Flyers at Golden Knights Preview: Vegas looks to prey on Flyers squad mired in losing streak

Vegas, meanwhile, has a chance to collect a season-best fourth consecutive win.

The Vegas Golden Knights continue their four-game homestand tonight with a Friday-night tilt against the Philadelphia Flyers.

The Golden Knights will try to extend their three-game winning streak, looking to build on Wednesday’s thrilling 5-4 win against the Dallas Stars. It may not have been the prettiest effort, but it was a gutsy performance that is sure to make this a confident bunch headed into tonight’s game.

The Stars came in to T-Mobile Arena having won seven games in a row; similarly, the Flyers enter tonight’s game in the midst of a lengthy streak of their own, though it is of a slightly different nature.

That’s assuming a 17-game swing can be considered slight.

But there’s nothing slight about the Flyers’ situation, as the team has lost 10 straight games (0-8-2), getting outscored by a 3-to-1 margin (21-7) in four games this month and 46-18 overall in the last 10.

Loss No. 8 in that stretch — Sunday’s lackluster 7-1 loss to Tampa Bay — proved to be particularly significant.

Following a three-day break that included two practice days, it was a must-win game for the team; the uninspired effort was the last straw for general manager Chuck Fletcher, who fired head coach Alain Vigneault along with assistant coach Michel Therrien less than 12 hours later.

Tonight will be the third game in Mike Yeo’s tenure as interim head coach, which should be relatively short-lived since the Flyers remain winless with him at the helm (and he was on Vigneault’s staff). The Flyers are reportedly conducting a search for Vigneault’s replacement, with Rick Tocchet rumored to be a top candidate.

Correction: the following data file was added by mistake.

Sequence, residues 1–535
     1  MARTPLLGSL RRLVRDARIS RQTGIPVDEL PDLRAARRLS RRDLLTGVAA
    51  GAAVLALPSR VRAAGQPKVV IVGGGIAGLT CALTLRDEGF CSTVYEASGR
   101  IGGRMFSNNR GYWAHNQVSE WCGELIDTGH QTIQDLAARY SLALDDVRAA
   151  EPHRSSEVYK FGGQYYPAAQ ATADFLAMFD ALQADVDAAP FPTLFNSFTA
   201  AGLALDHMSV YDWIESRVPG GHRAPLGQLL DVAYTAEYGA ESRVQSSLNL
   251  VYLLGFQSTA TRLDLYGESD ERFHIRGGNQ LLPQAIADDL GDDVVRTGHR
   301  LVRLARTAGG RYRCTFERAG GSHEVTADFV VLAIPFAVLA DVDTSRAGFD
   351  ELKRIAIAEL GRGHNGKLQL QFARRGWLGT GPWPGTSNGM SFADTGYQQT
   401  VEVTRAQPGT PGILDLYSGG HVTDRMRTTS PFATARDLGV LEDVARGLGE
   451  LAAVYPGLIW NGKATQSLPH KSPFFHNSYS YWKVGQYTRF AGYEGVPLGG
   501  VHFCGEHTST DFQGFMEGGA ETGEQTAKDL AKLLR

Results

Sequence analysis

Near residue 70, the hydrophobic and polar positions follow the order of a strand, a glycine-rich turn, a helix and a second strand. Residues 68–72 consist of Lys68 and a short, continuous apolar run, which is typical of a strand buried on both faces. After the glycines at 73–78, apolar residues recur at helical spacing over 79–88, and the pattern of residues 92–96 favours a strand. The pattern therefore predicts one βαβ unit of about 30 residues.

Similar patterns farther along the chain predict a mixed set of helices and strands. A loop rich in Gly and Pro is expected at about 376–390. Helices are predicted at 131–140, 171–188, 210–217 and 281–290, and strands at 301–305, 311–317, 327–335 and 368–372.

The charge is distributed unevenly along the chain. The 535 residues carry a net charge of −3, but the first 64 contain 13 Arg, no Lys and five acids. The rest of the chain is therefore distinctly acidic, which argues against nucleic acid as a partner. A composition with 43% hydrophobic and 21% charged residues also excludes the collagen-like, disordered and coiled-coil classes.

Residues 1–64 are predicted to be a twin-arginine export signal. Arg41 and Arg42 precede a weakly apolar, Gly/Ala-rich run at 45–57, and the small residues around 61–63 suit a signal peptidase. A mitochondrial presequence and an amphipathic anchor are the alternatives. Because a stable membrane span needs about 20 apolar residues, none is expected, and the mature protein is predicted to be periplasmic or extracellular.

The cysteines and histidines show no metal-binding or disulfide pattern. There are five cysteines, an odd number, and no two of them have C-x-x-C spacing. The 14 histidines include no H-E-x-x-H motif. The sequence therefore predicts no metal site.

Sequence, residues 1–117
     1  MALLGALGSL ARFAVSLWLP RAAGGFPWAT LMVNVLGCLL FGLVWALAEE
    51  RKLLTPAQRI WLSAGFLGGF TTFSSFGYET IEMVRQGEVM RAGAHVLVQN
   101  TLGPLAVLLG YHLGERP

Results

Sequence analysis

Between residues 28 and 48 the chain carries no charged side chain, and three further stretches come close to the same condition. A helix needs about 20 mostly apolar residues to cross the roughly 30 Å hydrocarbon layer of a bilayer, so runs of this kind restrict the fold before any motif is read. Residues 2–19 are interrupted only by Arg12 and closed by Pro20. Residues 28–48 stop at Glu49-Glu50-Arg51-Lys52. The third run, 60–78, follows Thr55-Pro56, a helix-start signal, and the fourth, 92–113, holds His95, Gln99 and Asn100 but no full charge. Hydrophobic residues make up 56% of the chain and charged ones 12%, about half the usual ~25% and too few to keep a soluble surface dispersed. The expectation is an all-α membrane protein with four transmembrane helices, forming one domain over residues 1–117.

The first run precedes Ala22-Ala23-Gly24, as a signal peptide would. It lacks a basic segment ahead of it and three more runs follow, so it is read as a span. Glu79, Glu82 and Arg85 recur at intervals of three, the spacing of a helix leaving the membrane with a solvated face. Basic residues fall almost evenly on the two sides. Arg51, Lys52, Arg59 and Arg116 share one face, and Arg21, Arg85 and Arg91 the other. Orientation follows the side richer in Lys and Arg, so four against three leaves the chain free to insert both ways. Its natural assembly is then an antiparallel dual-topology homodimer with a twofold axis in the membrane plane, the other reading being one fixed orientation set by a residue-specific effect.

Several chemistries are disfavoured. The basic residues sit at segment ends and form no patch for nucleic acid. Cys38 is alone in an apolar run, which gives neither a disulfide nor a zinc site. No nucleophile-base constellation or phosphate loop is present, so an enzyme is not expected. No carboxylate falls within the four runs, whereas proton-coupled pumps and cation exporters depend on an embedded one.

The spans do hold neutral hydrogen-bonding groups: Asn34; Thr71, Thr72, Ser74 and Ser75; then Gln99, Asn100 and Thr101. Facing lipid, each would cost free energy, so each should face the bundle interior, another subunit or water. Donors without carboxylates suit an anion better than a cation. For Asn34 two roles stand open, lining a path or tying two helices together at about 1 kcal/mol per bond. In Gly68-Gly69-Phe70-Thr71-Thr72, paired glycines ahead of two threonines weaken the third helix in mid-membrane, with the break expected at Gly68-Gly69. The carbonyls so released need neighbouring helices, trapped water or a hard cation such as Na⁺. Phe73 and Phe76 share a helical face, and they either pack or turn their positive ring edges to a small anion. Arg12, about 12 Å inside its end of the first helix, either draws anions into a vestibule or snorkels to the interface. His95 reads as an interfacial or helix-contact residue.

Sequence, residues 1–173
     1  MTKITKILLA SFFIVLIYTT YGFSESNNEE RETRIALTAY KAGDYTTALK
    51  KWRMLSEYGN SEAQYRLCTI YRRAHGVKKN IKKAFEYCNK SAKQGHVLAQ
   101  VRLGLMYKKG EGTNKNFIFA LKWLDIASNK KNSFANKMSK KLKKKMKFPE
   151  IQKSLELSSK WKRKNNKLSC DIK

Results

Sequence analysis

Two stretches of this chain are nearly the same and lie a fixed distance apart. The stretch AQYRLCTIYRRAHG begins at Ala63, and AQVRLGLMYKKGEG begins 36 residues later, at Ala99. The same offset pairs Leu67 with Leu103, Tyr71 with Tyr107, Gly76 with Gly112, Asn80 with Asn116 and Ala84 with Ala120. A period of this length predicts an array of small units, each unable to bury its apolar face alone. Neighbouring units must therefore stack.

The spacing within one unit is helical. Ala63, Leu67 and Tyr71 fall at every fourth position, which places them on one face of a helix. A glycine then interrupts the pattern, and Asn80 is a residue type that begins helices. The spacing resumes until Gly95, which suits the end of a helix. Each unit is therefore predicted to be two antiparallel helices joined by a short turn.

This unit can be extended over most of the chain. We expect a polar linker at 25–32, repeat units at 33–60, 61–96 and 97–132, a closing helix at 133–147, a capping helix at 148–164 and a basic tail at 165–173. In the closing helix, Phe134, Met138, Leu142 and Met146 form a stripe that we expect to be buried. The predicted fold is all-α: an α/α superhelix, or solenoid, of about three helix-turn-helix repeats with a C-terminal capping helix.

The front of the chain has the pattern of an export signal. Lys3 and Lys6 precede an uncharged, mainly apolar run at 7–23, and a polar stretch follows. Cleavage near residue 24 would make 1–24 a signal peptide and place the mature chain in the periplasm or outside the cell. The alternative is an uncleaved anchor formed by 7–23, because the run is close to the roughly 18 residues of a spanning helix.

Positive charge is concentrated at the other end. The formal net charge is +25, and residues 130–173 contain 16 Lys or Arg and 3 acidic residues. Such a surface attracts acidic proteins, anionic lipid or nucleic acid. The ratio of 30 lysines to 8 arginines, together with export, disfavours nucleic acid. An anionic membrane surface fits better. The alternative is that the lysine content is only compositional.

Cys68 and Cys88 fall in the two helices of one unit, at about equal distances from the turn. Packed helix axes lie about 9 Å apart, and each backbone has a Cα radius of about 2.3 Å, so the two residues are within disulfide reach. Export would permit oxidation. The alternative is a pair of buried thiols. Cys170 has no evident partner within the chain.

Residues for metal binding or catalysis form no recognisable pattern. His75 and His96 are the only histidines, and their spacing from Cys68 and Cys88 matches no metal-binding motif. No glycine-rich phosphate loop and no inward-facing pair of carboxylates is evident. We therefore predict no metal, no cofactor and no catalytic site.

But all the Flyers are focused on right now is getting that first win.

The Knights will do everything they can to prevent that from happening, but no matter what, one streak is coming to an end tonight.

One player who won’t be part of the battle is Nolan Patrick, who surely has had this game circled on the calendar for months. It’s disappointing for the young forward — who has been out of the lineup since Oct. 22— given his experience in Philadelphia; no team understands a revenge narrative quite like the Golden Misfits.

There is some irony in the fact that he wouldn’t have gotten to face Vigneault; there certainly was no brotherly love between the two. The same could be said about Robin Lehner, who called Vigneault out on Twitter before the start of the season.

One player who will have some narrative in the mix, however, is Patrick Brown, who was claimed off waivers by Philadelphia just prior to the start of the regular season. Brown played five regular-season games with Vegas over the last two seasons but skated in 14 postseason contests; he scored three goals in the postseason, including one in each of the Minnesota and Colorado series from Vegas’ most recent playoff run.

He has yet to score for his new team, which currently sits at 8-12-4, good for seventh overall in the Metropolitan Division; only the New York Islanders have fewer points, and they have two games in hand.

Interestingly, the Flyers were firing on all cylinders at the start of the season. A newly-formed line of Cam Atkinson and Derick Brassard — both acquired in the offseason — as well as Joel Farabee combined for 19 points in the first five games of the year, and the team was running set plays to perfection.

Carter Hart was excellent as well. In fact, through mid-November, Hart was ranked fifth in save percentage (.935) and sixth in goals-against average (2.19) among regular starters.

It was quite a turnaround considering the Flyers had the worst goaltending in the NHL last year; while his numbers have since dropped (he now holds a 5-8-3 record with a 2.90 goals-against average and .911 save percentage), it’s been a marked improvement notwithstanding some inconsistencies.

Even offseason addition Martin Jones has exceeded expectations with three wins, a 3.41 goals-against average and a .908 save percentage.

But both have struggled of late.

In fact, Hart has lost five games in a row, giving up 20 goals in that time. That’s not surprising considering the team is stuck in a 10-game losing skid. Plus, to be fair, his goal support in those five games consisted of five total goals, three of which came in one game.